Recent advances in condensing surfaces with hybrid architectures of superhydrophobic/hydrophilic patterns allow us to decrease the nucleation energy barrier and spatially control the water condensation. However, the condensed water is susceptible to the large pinning force of the hydrophilic area, leading to an ultimate flooding. Here, we demonstrate a hierarchical nanostructured surface with patterned high wetting contrast to achieve a natural transition from filmwise-to-dropwise condensation, which reconciles the existing problems. The energy-dispersive X-ray spectroscopy (EDX) indicates that the fluorinated hydrophobic coating conformably covers the nanostructures except for the tops of micropillars, which are covered by hydrophilic silicon dioxide (FIG 1), resulting in an extreme wetting contrast. Condensation on the hybrid surface was observed in the environmental scanning electron microscope (ESEM) and ambient conditions with controlled humidity. Water preferentially nucleates on the top of micropillars and exhibits a rapid droplet growth (FIG 2). The enhancement is attributed to the filmwise-to-dropwise transition induced by the unique architectures and wetting features of the hybrid surface (FIG 3). The water embryos initially nucleate on the hydrophilic tops and quickly grow to a liquid film covering the whole top area. Since the superhydrophobic surrounding confines the spreading of condensed water, the localized liquid film gradually transits to an isolated spherical droplet as it grows. Remarkably, the condensate morphology transition activates an unusual droplet self-propelling despite the presence of abundant hydrophilic patches. It is important to note that such coalescence-induced jumping is dependent on the size of hydrophilic patches, that is, for larger hydrophilic patches, the energy released by coalescence may not overcome the increased droplet pinning, resulting in an immobile coalescence (FIG 4). The droplet departure ensures the recurrence of filmwise-to-dropwise transition, thus prevents the water accumulation in continuous condensation. These visualizations reveal the undiscovered impact of heterogeneous wettability and architectures on the morphology transition of the condensed water, and provide important insights into the surface design and optimization for enhanced condensation.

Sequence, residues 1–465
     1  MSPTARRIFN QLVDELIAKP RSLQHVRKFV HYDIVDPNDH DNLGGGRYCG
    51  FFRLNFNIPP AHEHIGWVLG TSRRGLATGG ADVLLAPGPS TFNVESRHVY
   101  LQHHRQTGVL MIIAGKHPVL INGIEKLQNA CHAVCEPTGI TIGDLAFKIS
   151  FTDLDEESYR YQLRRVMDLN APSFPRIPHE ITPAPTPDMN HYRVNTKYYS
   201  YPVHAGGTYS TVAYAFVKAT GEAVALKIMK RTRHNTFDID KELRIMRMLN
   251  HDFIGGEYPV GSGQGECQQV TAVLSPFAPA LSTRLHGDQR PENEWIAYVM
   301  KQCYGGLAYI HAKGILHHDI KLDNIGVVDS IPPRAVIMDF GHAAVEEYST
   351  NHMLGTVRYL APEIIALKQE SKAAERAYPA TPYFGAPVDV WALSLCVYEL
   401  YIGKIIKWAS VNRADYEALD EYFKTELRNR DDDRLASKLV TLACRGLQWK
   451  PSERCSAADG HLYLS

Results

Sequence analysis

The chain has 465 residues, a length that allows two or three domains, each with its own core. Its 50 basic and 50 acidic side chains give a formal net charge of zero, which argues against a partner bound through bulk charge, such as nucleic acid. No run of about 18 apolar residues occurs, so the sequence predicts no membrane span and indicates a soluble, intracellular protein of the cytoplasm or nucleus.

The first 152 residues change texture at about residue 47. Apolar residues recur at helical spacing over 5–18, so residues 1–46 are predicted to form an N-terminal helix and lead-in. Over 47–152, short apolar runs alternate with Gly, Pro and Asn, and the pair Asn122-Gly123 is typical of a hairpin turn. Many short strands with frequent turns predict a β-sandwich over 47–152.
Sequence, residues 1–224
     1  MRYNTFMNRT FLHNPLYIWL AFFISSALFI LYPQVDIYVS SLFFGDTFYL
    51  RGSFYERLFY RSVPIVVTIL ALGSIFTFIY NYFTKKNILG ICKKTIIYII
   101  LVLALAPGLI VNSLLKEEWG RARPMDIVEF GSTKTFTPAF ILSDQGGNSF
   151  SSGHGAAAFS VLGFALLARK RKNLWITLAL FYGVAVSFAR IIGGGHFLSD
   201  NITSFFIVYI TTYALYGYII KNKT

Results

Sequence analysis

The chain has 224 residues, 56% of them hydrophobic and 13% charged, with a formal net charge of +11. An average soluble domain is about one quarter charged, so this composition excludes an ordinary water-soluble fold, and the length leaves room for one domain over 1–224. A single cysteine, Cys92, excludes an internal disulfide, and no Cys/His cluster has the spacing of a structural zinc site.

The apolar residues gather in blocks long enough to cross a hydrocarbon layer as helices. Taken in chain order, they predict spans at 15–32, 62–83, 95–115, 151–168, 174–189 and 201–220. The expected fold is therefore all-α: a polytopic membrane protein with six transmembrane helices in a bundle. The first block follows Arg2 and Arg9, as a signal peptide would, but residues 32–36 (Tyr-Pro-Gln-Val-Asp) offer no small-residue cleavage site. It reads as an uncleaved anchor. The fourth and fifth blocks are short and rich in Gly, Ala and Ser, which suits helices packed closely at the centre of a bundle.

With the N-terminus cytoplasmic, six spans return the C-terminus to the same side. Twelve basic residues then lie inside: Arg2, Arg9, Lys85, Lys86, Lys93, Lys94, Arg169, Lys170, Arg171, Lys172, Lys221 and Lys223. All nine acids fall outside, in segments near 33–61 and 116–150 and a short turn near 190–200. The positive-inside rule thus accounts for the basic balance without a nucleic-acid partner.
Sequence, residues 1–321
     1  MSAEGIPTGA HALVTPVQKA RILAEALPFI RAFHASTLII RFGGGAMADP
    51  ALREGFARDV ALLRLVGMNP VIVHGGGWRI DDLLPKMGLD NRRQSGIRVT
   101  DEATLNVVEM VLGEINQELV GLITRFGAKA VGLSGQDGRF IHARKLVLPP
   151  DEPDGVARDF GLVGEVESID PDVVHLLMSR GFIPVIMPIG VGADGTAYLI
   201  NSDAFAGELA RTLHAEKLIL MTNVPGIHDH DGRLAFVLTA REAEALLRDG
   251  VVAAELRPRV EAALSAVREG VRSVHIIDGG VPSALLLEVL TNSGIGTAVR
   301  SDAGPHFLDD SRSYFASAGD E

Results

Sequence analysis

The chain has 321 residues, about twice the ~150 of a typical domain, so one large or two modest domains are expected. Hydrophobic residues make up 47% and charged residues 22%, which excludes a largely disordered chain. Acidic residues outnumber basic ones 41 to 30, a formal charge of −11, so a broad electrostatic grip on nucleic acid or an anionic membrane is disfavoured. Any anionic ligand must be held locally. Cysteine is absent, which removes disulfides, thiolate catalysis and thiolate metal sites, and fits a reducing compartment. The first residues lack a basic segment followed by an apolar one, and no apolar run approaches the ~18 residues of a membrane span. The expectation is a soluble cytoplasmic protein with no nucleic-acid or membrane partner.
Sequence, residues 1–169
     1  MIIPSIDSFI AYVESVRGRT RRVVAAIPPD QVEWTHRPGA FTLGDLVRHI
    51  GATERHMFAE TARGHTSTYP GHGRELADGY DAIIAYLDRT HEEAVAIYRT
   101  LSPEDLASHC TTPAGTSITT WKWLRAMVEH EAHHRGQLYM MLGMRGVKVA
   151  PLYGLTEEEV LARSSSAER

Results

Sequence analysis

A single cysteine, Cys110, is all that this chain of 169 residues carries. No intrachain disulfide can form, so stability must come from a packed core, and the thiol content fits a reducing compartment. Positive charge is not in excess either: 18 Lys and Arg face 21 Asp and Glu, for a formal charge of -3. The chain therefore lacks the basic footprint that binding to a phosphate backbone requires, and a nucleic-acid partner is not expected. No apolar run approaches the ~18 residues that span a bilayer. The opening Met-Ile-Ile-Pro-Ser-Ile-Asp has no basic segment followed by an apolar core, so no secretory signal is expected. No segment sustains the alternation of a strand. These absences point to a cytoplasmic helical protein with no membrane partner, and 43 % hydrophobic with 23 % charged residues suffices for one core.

Commentary by Dr. Valentin Fuster
J. Heat Transfer. 2015;137(8):080908-080908-1. doi:10.1115/1.4030472.

Superhydrophilic Nano-Structured Coatings (SHNC) were discovered during pool boiling experiments using nanofluids with alumina nanoparticles. During nucleate boiling, the nanoparticles are deposited on the heater surface, forming a uniform oxide coating. These coatings have been demonstrated to greatly decrease the liquid contact angle observed on the surfaces, both by increased surface roughness and increased surface energy. An illustration of this roughness, within 1 μm thickness, can be seen in the 3-D optical microscope mapping of a SHNC surface, top right. These highly wetting structures can greatly enhance macro-level mass transfer effects, such as capillary action. The series of images on the left depict the wickability enhancement achieved by SHNC coating inside a 0.92 mm internal diameter aluminum tube. In the tube coated with SHNC, a 21 μl water droplet disappeared in 183 milliseconds, resulting in an average wicking speed along the pipe of 17 cm/sec. The bare aluminum tube does not wick at all, even as it is pushed into the droplet. The bottom right sequence shows the wettability enhancement responsible for this behavior; an 8 μl water droplet is dropped onto both a SHNC-coated and a bare aluminum surface from a height of 1 cm. The droplet on the SHNC-coated surface spreads instantaneously due to the high wettability of the SHNC, while the droplet on the bare aluminum remains aggregated as a hemisphere.